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Jul 4, 2013 2:16 PM by Maddie Garrett

Black Forest fire victims deal with rebuilding challenges

There's no time off this holiday for victims of the Black Forest fire who are trying to get back on their feet and navigate the long and often difficult rebuilding process. As clean up continues, many people are left with the question, what to do next.

"As you can see the cinder blocks exploded in the heat, so it's getting pretty well scraped clean," said Kent Osborne as he walks around what used to be his dream home in Black Forest.

Osborne is working around the clock to get his property cleaned up so he can start from scratch on rebuilding his home.

"We have to scrape it down to bare dirt and start over, whole new foundation, all new walls, everything," he said.

Rebuilding on a charred piece of land littered with debris is complicated. For homeowners like Osborne, there's a lot to get done and a lot of unanswered questions.

"Depends how soon we can get all of the debris removed, and then what is going to be the best access to electricity, the water, the septic system, if I can even get hooked into the septic system, we don't know that yet," said Osborne about when he can move back onto his property.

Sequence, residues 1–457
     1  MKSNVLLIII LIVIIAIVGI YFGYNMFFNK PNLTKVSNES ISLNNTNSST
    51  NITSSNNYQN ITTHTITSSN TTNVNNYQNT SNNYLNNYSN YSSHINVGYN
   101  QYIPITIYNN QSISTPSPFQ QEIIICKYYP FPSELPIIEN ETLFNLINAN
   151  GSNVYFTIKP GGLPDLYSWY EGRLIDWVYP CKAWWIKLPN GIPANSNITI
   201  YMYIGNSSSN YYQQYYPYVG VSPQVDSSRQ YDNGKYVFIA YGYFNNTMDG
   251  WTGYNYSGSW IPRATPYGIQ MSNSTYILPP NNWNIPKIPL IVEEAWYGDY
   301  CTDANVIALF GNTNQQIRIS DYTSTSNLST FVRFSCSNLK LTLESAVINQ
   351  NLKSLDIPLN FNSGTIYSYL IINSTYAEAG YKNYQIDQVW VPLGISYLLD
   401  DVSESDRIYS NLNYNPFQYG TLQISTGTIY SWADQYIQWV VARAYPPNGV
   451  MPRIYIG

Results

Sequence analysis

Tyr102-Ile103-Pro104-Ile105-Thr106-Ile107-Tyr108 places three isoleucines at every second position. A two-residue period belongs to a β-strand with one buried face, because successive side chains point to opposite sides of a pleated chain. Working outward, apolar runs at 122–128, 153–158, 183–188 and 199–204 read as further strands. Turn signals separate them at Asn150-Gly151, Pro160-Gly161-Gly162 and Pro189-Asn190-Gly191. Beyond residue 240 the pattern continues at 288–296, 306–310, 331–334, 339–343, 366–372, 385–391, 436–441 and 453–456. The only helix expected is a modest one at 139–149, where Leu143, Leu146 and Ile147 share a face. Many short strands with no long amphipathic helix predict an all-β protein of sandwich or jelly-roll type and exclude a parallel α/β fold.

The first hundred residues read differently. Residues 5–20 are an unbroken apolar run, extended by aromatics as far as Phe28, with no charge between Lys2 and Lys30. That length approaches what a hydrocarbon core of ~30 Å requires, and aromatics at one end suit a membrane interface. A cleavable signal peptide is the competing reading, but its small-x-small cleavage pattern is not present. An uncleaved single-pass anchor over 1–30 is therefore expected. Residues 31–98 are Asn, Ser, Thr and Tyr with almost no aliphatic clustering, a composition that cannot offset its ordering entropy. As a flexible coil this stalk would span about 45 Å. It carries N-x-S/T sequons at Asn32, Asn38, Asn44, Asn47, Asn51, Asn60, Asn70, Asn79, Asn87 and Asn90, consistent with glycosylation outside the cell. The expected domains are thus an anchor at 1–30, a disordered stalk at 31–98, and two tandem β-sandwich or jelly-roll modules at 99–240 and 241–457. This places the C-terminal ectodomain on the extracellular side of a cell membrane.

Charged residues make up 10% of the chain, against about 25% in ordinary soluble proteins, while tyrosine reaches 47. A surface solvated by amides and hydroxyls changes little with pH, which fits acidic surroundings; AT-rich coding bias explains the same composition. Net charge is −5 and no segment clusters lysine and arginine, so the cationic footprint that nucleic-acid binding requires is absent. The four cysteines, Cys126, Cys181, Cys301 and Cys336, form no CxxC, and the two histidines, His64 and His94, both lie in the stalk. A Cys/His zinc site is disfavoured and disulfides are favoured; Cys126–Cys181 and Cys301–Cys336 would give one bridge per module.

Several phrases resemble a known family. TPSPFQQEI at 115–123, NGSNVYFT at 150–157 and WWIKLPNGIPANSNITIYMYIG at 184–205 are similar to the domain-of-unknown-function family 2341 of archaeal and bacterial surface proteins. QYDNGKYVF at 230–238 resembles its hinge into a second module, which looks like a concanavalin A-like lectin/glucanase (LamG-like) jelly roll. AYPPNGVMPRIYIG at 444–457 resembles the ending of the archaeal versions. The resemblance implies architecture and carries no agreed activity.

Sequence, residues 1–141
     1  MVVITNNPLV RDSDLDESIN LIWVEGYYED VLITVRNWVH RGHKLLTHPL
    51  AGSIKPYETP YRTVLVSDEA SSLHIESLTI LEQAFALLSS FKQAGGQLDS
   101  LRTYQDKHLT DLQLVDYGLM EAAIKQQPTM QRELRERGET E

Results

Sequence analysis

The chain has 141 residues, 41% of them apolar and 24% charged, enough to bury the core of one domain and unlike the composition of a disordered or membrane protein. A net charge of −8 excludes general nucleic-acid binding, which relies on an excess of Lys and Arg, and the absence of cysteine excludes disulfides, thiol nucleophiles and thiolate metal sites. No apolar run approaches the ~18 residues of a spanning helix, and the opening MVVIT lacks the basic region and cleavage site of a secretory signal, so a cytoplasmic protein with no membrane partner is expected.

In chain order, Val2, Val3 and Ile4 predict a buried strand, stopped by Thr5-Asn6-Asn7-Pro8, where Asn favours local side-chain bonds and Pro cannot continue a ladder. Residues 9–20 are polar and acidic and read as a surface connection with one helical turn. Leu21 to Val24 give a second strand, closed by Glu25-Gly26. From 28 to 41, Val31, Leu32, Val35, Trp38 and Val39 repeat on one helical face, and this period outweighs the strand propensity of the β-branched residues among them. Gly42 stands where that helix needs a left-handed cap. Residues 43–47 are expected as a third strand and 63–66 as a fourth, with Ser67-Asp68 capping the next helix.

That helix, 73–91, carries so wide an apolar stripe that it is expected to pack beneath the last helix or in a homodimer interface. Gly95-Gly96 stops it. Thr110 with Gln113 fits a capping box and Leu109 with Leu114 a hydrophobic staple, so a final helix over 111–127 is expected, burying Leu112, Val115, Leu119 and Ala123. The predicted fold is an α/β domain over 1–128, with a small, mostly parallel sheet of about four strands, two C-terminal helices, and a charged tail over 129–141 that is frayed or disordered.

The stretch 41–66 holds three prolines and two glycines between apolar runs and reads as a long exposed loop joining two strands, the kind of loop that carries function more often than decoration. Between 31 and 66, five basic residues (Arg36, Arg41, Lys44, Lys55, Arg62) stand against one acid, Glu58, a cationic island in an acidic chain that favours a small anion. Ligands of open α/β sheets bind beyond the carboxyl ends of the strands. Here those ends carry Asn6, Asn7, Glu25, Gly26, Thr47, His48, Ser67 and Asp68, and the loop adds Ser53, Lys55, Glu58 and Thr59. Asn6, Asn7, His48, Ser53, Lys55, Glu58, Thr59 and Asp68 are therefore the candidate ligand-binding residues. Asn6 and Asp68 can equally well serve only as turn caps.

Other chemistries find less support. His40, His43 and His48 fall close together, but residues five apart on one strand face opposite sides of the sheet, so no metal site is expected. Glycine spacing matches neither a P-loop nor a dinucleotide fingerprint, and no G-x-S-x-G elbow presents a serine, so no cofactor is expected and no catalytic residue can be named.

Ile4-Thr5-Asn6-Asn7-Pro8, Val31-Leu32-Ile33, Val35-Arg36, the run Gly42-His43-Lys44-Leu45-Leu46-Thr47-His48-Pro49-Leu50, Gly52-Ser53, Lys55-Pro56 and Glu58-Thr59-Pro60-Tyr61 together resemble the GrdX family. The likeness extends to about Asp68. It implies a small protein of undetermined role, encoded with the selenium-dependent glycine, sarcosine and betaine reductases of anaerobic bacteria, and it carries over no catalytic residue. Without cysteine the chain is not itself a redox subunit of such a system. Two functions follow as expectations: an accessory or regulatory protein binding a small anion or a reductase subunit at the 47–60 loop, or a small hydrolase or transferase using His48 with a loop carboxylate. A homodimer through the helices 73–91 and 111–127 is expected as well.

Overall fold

Osborne said this is a new experience for him, building a home from the ground up. The disaster clean up is just one more element he's unfamiliar with.

"We don't even know what questions to ask yet, because we don't even know what to do," he said.

That's why Osborne and several other fire victims are going to the long-range fire recovery meetings, spear-headed by El Paso County leaders. Residents are hoping to find out what steps to take in order to rebuild.

"Every little area has to have a separate permit," said Osborne at the meeting Wednesday. "A lot of the information they provided today is really going to be beneficial."

The county is trying to stream line the process by combining some of the required permits. They're also temporarily suspending some rules for a year to allow people to live in RV's or mobile homes on their land while they rebuild.

Members on the Black Forest Recovery Committee said as rebuilding moves forward, they'll be looking at homes on a case by case basis, especially because so many homes lost in the fire were older and new building codes might have to be followed.

"Am I going to have an inspector come out and say you're going to have to do this and this and this, which are all added expenses," asked Osborne at the meeting.

Ultimately, El Paso County Commissioners will end up voting on a number of issues as they arise.

Despite the challenges, Osborne is optimistic he'll be living in his new dream home by this time next year.

El Paso County has put together a website to help Black Forest fire victims in the recovery process. It includes links to the permits required and phone numbers of agencies to call for cleanup and inspection: http://www.elpasoco.com/pages/SafetyandAssistance.aspx

 

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